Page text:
The global financial crisis brought counterparty credit risk and CVA very much into the spotlight. The Basel III proposals first published in December 2009 introduced changes to the Basel II rules and the need for a new capital charge against the volatility of CVA. This ‘CVA VaR’ capital charge was always likely to be punitive since the Basel committee considered that it referenced two thirds of counterparty risk related losses. However, there are two ways for banks to compute CVA VaR, so-called standardised and advanced methods, which depend on their current regulatory approval with respect to other aspects. Furthermore, there is the potential to reduce the capital charges via eligible hedges.
There are two ways for banks to compute CVA VaR, standardised and advanced methods, depending on their current regulatory approval. Furthermore, firms can potentially reduce the capital charges via eligible hedges. This paper reviews the two regimes by:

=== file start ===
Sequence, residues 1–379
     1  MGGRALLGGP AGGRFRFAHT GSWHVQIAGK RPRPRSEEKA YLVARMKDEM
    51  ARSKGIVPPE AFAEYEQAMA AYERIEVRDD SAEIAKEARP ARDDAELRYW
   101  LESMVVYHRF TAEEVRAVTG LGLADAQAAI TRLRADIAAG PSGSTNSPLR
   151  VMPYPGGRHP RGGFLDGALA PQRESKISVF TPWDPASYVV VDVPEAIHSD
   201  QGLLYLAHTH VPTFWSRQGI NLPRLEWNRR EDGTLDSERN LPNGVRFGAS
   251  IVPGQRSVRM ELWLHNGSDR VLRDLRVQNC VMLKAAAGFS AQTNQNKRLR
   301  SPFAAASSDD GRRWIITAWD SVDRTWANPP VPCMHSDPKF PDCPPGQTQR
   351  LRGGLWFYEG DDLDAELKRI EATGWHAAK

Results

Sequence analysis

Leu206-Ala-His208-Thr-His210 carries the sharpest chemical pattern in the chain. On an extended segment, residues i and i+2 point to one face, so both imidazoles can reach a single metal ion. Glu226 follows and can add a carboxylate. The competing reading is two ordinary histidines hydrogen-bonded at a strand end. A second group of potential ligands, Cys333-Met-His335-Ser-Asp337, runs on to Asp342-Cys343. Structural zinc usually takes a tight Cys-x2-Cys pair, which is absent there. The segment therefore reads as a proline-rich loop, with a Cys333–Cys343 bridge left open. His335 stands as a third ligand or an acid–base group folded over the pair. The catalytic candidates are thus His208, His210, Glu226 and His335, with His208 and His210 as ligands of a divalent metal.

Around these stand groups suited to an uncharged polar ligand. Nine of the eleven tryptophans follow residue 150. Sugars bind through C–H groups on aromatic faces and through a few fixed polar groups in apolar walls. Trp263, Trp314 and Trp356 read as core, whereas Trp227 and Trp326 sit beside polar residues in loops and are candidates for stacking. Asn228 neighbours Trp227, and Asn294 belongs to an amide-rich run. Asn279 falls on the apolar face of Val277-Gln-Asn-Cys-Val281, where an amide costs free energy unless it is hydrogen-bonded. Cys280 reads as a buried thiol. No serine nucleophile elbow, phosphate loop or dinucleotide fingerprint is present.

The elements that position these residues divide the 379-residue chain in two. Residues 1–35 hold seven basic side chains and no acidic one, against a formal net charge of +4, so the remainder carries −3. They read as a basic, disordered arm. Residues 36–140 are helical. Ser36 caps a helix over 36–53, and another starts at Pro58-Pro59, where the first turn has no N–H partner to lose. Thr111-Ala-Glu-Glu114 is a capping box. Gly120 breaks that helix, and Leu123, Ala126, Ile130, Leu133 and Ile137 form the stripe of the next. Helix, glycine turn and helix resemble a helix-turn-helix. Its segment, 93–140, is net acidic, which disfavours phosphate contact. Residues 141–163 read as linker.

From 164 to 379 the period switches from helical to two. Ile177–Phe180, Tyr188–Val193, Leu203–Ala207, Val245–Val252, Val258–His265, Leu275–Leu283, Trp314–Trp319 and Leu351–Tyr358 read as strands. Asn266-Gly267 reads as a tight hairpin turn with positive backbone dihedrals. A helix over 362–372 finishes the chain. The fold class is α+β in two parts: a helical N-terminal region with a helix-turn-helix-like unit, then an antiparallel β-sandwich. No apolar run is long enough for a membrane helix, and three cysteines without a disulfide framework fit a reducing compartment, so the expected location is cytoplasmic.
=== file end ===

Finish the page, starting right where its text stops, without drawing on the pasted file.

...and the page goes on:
- Describing and comparing the various methodologies for calculating counterparty credit risk capital under Basel regulations
- Analysing these methods in detail and demonstrating that both standardised and advanced formulas can be interpreted as 99% VaR of losses due to CVA volatilities; thus simple comparative analysis can be done based on CVA volatilities and correlations implied by the methods
- Running simple tests for three methods: standardised (CEM), standardised (IMM) and advanced to investigate which one performs better for various maturities and different types of counterparties
- Analysing results for a real portfolio and highlighting that the difference in capital between the simple and more advanced approaches when considering hedging can be significant